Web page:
A LETTER FROM FATHER TO CHILD
Kevin Powell writes to his future child about how to survive in a world filled with fear, violence, sexism and racism.
By Kevin Powell
This letter is excerpted from Kevin Powell’s new book, “When We Free The World,” a collection of personal essays.
I honestly do not know where to begin, because these are very harsh and frightening times. Times so harsh and frightening that I have openly wondered — as my mother used to say to me when I was a boy — if I am going to make it.
I would be lying to you if I also did not say that these years in which we live have also nearly destroyed me on a few occasions, at times strained my marriage. Additionally, my mother has been ill, and that weighs on me mightily.
As you will likely be, I am an only child, the only child of my ma, so the heavy burden of caring for her as she struggles with severe pain in the form of diabetes, high blood pressure and arthritis, falls squarely on me.
And as her child, one who has sought love and comfort from her my entire life, I cannot begin to tell you how much it still shocks and paralyzes me every single time my mother screams or calls me a name — a curse word — because she has no other vocabulary to express the bottomless hurt of all she continues to endure.
Her body has broken down because the world has broken my mother. Yes, when people are hurt, when people are emotionally damaged, they transfer that hurt, that damage, to others, to loved ones, co-workers, strangers and, yes, to their children.
That is why I am writing this letter to you. I do not want to transfer my sorrow songs or my many traumas to you. The cycles must be broken. I so desperately want to heal, I so desperately want to be different for you.
So, I write this letter, to your soul, to your heart, because I do not even know if my wife and I will ever have you, if we will ever produce a child. I do want a child, badly, because I want to do for you what my mother and my absent father were never able to do for me.
I want to tell you I love you from the minute you are conceived. I want to hold and hug and kiss you, no matter your gender identity, at every opportunity.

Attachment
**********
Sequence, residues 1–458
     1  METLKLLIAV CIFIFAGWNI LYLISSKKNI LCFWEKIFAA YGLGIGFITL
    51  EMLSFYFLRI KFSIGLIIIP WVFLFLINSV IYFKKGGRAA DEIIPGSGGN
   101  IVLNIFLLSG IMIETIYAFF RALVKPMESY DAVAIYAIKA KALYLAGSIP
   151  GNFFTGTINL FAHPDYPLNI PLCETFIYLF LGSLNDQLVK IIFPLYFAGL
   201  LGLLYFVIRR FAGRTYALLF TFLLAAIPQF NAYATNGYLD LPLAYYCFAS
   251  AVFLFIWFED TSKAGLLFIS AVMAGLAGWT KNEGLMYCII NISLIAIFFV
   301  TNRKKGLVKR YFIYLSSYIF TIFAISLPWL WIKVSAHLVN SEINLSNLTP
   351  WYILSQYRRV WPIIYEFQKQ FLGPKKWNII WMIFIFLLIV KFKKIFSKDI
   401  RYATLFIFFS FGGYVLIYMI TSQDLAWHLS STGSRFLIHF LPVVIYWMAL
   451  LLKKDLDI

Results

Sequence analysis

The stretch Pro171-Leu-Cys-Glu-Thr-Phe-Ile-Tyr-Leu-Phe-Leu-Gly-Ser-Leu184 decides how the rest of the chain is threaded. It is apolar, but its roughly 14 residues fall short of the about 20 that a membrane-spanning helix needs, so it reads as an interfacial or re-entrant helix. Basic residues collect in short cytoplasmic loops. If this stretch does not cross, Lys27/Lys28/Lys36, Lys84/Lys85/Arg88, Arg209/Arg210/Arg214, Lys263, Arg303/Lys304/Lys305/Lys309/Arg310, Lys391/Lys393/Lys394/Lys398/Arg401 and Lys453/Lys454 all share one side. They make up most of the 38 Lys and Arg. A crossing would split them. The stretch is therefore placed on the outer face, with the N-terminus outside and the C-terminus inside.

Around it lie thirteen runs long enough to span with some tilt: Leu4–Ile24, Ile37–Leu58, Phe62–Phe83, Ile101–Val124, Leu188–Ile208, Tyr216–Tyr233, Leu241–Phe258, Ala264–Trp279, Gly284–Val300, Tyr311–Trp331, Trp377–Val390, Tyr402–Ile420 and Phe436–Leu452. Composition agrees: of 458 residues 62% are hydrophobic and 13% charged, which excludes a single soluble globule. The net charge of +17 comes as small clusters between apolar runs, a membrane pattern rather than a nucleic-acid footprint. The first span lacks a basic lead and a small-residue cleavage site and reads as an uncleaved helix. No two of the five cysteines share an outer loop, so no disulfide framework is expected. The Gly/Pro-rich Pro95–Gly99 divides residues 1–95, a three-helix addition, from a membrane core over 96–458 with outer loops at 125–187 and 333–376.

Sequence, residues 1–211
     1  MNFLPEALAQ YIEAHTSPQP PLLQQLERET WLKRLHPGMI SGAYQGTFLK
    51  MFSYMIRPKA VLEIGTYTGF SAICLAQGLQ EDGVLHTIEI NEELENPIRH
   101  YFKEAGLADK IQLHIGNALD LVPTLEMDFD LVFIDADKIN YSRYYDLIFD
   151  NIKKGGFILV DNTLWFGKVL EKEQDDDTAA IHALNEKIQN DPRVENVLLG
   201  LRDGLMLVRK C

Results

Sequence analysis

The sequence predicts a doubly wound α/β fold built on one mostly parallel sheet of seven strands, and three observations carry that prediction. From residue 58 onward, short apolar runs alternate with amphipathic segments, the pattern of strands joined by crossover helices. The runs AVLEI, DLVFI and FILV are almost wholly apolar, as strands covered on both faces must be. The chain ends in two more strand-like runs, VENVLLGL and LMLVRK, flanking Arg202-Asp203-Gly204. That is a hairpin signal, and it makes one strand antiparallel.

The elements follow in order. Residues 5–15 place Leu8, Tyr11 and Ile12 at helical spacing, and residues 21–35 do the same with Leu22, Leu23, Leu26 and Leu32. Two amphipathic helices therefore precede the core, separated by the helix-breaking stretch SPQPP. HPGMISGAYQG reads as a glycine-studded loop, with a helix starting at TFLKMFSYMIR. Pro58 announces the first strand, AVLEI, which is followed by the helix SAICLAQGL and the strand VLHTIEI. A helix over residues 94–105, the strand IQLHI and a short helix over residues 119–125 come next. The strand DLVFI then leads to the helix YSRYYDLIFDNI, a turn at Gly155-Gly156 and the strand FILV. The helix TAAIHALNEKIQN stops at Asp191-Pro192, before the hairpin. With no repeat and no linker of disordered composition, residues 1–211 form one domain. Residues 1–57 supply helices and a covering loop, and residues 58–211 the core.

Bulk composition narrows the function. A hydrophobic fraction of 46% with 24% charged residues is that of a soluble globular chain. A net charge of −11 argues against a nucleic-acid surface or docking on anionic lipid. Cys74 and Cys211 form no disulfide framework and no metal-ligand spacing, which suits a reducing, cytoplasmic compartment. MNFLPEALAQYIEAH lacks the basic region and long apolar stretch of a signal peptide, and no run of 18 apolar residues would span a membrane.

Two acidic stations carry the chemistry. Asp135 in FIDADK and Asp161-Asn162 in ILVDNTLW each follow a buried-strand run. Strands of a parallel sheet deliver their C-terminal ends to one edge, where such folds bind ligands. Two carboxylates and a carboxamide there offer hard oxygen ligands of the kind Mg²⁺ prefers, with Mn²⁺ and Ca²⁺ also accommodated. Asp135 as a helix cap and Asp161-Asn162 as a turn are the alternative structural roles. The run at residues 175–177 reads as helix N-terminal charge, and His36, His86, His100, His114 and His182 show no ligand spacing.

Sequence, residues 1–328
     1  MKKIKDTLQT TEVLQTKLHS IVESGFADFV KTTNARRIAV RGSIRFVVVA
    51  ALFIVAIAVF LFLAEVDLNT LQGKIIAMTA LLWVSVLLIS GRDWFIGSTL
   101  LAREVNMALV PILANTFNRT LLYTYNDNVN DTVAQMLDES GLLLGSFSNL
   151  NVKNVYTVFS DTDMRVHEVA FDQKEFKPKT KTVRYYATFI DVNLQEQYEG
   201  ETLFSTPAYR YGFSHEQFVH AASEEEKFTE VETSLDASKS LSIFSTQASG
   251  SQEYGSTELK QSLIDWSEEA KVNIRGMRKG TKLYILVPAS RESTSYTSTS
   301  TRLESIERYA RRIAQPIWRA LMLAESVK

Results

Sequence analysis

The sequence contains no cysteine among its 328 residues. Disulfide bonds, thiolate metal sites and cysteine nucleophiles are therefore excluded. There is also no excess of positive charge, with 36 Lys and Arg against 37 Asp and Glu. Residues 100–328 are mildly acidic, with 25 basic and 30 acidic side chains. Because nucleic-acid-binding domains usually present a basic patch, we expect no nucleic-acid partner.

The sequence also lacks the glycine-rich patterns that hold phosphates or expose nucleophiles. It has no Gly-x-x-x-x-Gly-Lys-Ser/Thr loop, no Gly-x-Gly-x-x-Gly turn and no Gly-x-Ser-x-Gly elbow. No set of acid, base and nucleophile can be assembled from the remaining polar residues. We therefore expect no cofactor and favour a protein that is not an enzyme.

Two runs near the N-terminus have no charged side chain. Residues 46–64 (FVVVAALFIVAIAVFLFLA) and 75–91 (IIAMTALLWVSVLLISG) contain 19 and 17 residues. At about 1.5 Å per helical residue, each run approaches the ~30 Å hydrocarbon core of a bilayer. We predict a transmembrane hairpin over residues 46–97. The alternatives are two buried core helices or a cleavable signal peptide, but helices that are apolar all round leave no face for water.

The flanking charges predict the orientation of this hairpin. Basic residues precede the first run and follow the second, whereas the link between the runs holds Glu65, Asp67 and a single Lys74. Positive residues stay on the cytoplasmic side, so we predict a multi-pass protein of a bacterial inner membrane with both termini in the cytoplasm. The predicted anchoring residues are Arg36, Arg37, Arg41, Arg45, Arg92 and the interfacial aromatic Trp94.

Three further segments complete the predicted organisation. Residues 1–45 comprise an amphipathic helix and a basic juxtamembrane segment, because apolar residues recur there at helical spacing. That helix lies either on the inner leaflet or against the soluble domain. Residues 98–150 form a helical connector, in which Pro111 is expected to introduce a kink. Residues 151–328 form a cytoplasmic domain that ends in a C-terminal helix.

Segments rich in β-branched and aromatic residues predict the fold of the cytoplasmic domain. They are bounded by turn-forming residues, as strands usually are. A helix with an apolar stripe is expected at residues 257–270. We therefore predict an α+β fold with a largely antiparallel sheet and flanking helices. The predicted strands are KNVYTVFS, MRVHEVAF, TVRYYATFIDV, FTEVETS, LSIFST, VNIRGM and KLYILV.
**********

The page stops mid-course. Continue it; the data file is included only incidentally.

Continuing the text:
I want to make you feel safe.
I still carry around the profound scars of what I have endured. Scars born of my childhood and youth. Scars born of my tumultuous adult years, of my years now in middle age, questioning, to be mad honest, how long I will be here on this Earth, and what I can and should be for the rest of my life.
Please do not get me wrong: I am clear who I am, what I do, but what I am talking about is my soul, my spirit, and the soul, the spirit, of America, of this planet. I have been steadfastly troubled by the absence of kindness, by the absence of compassion, by how foul and disrespectful so many people are toward each other, in public, on social media, like everywhere.
I am scared, to be blunt, of bringing a black child into this world, with them having to deal with the same racism your mother and I encounter regularly. Racism is the sinister and deadly cancer in America.
This is your birthright, my child, and it is also your curse, that you’ve got to come into this world, be you boy or girl, be you straight or queer, be you one gender identity or multiple gender identities or no gender identity at all; the ugly and meanspirited reality is that you are black, will be black, and from the moment you begin to truly open your eyes and your pores and see America, and feel America, and hear America, and taste and smell America, it will become abundantly clear, soon enough, that you are hated by some because you are black, and for no other reason.